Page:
Storyline Version - Kingdom Story Ministries

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#3:
A Promise to Restore the Kingdom
OR We are Blessed to be a Blessing
Study Passage: Genesis 12:1-4
INTRODUCTION
Brief Overview of Today’s Story: In response to the flood, the tower of Babel, and sin’s increasing influence on
humankind, God did not give up. God began His long-term plan of redemption of the world by singling out Abraham, a
desert nomad, as His first recruit..Abraham and his descendants, the patriarchs, responded with faith to God’s promise to
bless their clan for divine purposes.
Summary Verse:
“I will make you a great nation,
and I will bless you
and make your name great,
so that you will be a blessing.”
Genesis 12:2
Introduction to Today’s Story and Themes:
The story began in the last two lessons when God’s creation intent was severely thwarted by human sin, by our
constant and even corporate intent on rebelling against God. Gen. 11 leaves us where Genesis 1:2 began: babbling in
chaos and scattered in confusion. Is it possible that God was hovering once more, preparing to create again? Indeed, He
was now going to form something new out of the clay that He first identified and then multiplied in the line of Abraham.
Through these flawed and faithful Patriarchs (add Isaac, Jacob and Joseph to the list), we hear the promise of God, see the
provision of God, and are struck by the centrality of God’s role in these lives He has chosen for covenant love.
Abram was first visited by the glory of God in Ur of Mesopotamia (Acts 7:2-4); he was called to break from his
family and leave this idolatrous land immediately. Abram, however, only half obeyed. He and Sarai moved only down to
Haran instead, taking with him his father and other relatives (Gen. 11:31) who had also seemed originally committed to
ending up in Canaan. Why did Abram stop in Haran? Perhaps the loss of kin, the fear of family ridicule, the real
possibility of financial disaster, or the imminent danger of losing his fortune as first born son. Whatever the reasons, it
would be fifteen years later and after his father died before Abraham remembered well - or heard again - this call of God
in our story today. This time, Abram was moved to complete obedience. Even Abram’s flawed trust and delayed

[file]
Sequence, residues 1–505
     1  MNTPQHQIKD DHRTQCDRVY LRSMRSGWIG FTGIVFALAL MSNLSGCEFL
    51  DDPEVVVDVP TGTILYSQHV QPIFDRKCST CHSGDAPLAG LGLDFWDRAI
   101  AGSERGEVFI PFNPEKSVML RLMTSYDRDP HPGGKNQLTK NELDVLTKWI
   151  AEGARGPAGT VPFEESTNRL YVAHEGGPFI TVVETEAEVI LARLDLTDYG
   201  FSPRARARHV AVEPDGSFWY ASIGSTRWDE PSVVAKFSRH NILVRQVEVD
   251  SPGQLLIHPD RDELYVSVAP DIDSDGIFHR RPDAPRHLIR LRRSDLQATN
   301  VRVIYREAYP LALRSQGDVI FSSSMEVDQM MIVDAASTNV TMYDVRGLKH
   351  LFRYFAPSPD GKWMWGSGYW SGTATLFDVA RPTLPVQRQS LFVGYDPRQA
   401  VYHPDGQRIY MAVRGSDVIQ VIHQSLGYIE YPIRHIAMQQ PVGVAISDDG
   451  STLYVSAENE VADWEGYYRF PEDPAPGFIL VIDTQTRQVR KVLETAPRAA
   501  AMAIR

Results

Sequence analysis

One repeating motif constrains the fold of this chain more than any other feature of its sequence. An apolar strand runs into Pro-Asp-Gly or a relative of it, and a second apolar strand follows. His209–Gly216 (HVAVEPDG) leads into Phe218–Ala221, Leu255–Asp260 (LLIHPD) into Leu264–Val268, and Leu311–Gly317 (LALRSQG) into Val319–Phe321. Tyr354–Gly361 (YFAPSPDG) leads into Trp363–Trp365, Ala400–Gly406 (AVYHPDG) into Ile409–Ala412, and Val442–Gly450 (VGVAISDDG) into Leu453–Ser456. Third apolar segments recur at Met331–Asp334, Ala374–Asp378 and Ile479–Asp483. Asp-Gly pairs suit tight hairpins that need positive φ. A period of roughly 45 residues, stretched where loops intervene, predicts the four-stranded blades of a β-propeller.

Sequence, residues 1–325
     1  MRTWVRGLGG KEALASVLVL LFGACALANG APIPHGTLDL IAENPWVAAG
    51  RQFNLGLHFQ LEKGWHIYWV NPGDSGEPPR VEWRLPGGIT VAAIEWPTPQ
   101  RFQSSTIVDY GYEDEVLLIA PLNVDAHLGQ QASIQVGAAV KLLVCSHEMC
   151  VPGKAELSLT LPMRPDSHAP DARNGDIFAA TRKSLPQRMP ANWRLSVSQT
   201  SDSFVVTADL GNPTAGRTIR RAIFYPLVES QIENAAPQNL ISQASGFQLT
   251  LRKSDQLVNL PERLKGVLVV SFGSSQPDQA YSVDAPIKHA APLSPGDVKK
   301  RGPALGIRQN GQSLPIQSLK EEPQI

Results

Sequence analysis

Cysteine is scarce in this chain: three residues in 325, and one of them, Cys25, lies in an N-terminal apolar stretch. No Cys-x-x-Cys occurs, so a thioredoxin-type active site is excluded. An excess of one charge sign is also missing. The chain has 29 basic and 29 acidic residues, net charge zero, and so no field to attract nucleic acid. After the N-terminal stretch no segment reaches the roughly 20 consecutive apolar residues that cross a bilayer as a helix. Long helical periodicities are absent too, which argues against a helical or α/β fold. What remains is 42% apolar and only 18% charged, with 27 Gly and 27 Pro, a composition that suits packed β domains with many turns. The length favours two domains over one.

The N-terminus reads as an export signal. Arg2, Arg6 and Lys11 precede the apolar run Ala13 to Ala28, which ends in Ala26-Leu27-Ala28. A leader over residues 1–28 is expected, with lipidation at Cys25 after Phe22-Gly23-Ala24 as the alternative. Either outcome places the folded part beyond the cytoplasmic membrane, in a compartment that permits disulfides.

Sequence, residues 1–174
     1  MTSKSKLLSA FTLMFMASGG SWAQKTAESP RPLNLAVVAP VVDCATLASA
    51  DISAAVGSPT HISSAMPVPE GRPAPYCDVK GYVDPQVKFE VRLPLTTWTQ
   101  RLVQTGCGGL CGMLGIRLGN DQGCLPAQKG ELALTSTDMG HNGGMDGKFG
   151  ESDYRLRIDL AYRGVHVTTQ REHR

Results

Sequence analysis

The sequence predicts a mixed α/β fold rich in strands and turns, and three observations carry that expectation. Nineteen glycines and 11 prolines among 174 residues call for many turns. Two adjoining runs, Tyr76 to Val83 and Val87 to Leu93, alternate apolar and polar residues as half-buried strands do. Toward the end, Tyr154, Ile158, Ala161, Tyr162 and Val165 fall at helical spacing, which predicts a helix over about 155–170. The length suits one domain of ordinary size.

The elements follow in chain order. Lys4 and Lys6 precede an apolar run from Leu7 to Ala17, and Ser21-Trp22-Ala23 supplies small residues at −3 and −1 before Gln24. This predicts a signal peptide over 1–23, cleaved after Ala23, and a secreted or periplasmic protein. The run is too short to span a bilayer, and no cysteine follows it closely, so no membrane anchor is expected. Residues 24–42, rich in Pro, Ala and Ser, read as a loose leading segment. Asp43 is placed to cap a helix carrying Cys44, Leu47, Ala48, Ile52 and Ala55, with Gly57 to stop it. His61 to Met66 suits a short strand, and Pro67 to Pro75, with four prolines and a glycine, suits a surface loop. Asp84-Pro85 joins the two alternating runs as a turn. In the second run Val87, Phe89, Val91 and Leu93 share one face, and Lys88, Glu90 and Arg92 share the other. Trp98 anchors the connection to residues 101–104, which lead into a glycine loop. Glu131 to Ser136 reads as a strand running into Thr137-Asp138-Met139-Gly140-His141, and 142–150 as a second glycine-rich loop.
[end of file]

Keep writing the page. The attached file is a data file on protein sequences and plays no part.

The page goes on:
obedience in God’s merciful sight is counted as fully right (Gen 15:4). Yahweh changes his name to Abraham and
through him launches His divine plan of salvation for all humanity.
In Abraham, we see the pattern that will flesh out over history: rather than God having a church with a mission in
the world, God has a mission with a church in the world. And in our world inundated with the realities of globalization,
we would do well to ask just what this God with such a universal vision is up to.
The Patriarchal story (Genesis 12-50) is the “Genesis” of the Hebrew people, the ancestors of the Hebrews from
Moses onward. The covenant of God with Abraham and the Patriarchs is foundational to Israel’s - and our own story. It’s
our family tree. The blessings God promises to Abraham, Isaac, Jacob and Joseph pave the way for the central salvation
story of Exodus and make us ask hard questions about what it means when Americans pray or sing, “God bless America”,
or when people from any nation seek the blessing of God.
LOOKING AT THE STORY: Two Options to consider doing before the group gathering
1. READ GENESIS 12:1-4, in your Bible, preferably out loud. Imagine yourself in the midst of the story as you read,
allowing God’s spirit to engage both your mind and your feelings.
2. RETELLING: Read (ideally, out loud) today’s passage rewritten from the perspective of one of the story’s
characters. You will find it on the website under this lesson. What stands out to you as you experience the story from this
perspective?
© 2012 John Lewis. All Rights Reserved.
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LISTENING TO THE STORY: Questions to do during the gathering
“Lord, after hearing the story with fresh ears, help us consider how the words, actions and feelings of the characters help
us authentically and briefly explore the questions below. Spirit, speak to our perceptions and misperceptions, to our real
experiences, to the realities of those we serve in our community.”
1. THE GOD QUESTION: What are several important and relevant ways God related to people? (Note: how does
God love - or even seem not to love - them? Why is this good news for the last, least and lost?)
2. THE KINGDOM RELATIONSHIPS: What are several important and relevant ways your character related to God,
people and/or the created world? (e.g. how do they love or not love, honor or mistreat them?)
3. LOOKING BACKWARDS AND FORWARD: What is a parallel you see in this story with an earlier story or a
Jesus story? What changes, what stays the same?
© 2012 John Lewis. All Rights Reserved.
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LIVING INTO THE STORY: Optional – Pick one Action to take after the gathering
Be prepared to share with the class a short testimony from your experience
1. REFLECT – in writing
WRITE your reflections in your journal and ideally as a letter to someone in 2 or 3 paragraphs.
2. READ – what others have said

GO TO THE WEBSITE: Explore the “Featured Readings” or other resources (articles, poems, quotes,
stories, etc.) available there. Recommended: Click HERE to read the selection from Theirs is the Kingdom, by
Robert Lupton, associated with this lesson.
3. RESPOND – put faith in action

OBEYING GOD’S VOICE: Trusting that God has spoken to your heart during this week’s lesson, listen and
then commit now to doing a specific action for one or more persons this coming week. Write in below the
specifics - what, when, where. (Resource: any part of this lesson and ideas from the facilitator)
© 2012 John Lewis. All Rights Reserved.
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